Plato is perhaps the paradigm case of the revolutionary philosopher in our sense of the philosopher arriving from the future. According to Hegel, the idea of the just polis that Plato formulated in The Republic was the most philosophically thinkable in Plato’s time. Even though Plato’s ideal was so far from the then given state of affairs that it seemed hardly recognizable to his contemporaries, it was nevertheless out of its thinking that Plato was able to comprehend the rational moment embedded in the sophists’ polis in which he lived. Having elaborated his ideal city, a city powerful enough to accommodate the philosopher, Plato was then in a position to cross the abyss between the ideal and the real in order to re-visit and once again embrace his own city as a whole. His thinking showed the city of Athens to be part of the world of the thinkable and in doing so it brought together the ever-changing finite body of the city with its eternal idea.

For this reason the city that condemned the philosopher to death could nonetheless be thought as part of an ongoing becoming that oriented it toward a future. For Plato this future was thought in terms of the polis of justice in which Plato the philosopher dwells conceptually and from which he arrives, albeit invisibly, to be welcomed by those who are prepared to think in the embrace of his thinking. Having arrived from afar in a way that also made it possible for him to dwell in the world in a radically immanent manner, Plato didn’t lose himself, like a tourist, amongst the shiny trinkets and the trivialities of market life. Nor did he abandon himself to the shallow wisdom of the local. Rather, as the bearer of the ideal and in so far as he found the strength to withstand the infinite schism between the real and the ideal, his thinking entirely embraced the historical moment of his world and thus allowed the spirit of the age to manifest itself with his thought. Herein lies the determination of Plato’s thought as revolutionary philosophy that arrives from the future in its own precise moment.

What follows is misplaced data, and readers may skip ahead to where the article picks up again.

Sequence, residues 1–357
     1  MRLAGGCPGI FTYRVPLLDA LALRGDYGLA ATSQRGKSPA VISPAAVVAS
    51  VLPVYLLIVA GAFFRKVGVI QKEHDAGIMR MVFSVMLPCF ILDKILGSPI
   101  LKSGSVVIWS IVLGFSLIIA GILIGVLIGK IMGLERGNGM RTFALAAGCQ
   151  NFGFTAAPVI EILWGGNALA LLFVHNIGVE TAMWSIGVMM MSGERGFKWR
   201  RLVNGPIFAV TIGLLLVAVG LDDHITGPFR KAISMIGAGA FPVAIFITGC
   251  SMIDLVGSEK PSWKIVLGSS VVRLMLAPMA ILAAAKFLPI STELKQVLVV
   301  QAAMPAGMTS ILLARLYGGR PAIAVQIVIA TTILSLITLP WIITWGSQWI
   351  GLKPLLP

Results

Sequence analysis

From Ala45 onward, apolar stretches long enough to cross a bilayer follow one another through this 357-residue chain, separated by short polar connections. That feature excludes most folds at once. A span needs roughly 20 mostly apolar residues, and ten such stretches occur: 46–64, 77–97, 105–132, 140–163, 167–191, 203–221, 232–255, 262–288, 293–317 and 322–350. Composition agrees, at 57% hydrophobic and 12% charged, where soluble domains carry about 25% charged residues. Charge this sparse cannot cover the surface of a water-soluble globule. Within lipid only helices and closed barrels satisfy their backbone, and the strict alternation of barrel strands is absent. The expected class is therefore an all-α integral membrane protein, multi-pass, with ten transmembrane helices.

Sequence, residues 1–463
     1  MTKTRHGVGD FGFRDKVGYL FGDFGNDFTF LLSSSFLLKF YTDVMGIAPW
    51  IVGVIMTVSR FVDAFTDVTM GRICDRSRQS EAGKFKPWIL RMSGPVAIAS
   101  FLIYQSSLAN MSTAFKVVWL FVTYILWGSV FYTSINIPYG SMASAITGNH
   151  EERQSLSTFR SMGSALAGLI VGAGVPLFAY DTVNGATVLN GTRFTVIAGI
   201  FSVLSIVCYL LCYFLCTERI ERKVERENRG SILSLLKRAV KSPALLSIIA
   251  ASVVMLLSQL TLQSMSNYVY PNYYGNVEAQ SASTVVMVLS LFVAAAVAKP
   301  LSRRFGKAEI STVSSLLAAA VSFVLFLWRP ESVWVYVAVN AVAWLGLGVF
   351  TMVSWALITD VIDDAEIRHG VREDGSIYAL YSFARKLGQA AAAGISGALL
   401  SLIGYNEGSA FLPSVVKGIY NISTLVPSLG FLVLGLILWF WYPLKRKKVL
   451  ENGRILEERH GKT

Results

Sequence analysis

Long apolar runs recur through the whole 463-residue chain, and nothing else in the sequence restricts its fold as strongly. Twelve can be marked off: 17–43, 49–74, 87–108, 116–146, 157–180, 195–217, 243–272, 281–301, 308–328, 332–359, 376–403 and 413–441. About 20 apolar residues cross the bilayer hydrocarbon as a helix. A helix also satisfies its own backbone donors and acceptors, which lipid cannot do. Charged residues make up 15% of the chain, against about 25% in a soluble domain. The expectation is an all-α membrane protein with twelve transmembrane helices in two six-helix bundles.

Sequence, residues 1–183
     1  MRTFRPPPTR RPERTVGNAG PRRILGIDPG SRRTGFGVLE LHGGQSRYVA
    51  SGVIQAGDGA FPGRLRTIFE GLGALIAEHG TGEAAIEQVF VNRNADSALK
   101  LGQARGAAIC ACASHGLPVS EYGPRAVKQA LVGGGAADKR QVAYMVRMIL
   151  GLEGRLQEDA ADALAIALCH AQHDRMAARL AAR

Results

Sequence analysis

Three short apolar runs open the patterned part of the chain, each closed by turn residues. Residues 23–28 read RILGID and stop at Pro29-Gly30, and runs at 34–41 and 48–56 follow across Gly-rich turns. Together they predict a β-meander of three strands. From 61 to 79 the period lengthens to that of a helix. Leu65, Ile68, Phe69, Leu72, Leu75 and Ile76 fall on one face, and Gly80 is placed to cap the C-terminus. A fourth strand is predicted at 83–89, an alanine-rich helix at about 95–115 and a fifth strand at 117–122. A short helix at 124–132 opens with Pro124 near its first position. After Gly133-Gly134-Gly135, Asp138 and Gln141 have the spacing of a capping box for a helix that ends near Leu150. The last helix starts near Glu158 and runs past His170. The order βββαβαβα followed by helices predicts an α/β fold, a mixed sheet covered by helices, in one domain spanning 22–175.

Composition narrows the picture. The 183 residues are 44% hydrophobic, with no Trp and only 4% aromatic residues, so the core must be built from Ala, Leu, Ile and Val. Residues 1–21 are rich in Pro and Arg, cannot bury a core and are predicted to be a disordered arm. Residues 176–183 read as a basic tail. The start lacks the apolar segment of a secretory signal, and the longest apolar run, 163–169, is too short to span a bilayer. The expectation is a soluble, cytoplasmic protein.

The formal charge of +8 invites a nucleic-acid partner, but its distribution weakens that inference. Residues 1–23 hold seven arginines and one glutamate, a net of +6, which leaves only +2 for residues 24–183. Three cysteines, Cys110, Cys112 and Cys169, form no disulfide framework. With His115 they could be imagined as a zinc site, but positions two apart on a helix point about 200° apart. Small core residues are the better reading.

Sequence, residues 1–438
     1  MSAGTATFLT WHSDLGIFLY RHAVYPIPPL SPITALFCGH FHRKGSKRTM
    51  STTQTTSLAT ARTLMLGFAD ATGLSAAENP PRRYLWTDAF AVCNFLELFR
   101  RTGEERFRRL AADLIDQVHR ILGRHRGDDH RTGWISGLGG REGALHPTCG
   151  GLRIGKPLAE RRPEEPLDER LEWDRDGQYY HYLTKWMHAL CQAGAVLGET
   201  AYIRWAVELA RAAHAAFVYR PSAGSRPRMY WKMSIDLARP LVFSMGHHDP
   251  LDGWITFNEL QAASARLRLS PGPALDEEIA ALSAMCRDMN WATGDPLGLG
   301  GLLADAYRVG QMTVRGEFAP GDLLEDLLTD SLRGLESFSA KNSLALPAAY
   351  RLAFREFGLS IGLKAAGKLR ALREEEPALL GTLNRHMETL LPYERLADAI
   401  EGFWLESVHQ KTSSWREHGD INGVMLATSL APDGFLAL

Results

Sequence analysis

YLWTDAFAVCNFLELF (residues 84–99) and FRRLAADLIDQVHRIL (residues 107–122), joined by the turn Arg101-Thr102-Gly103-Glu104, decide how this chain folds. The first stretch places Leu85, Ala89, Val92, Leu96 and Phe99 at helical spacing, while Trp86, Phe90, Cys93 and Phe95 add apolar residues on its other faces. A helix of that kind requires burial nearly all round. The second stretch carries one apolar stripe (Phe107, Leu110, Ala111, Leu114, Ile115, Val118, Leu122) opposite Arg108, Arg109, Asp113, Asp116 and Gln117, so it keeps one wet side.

In this respect Plato the philosopher came to give effect to the conceptual transformative power of the revolutionary practice of his time in a way that Socrates before him was unable to conceive. Plato’s thinking grew out of Socrates’ failure to convince Athens to re-enact itself in accordance with the principle of radical self-knowing. Although we can say that in his capacity as a revolutionary Socrates also comes from the future, only the philosopher succeeds in thinking what the revolutionary practice announces but fails to achieve. So the thinking of the philosopher takes place in the retreat of the future that the failed revolutionary practice announces. This was the fate of philosophical thinking in Plato’s time.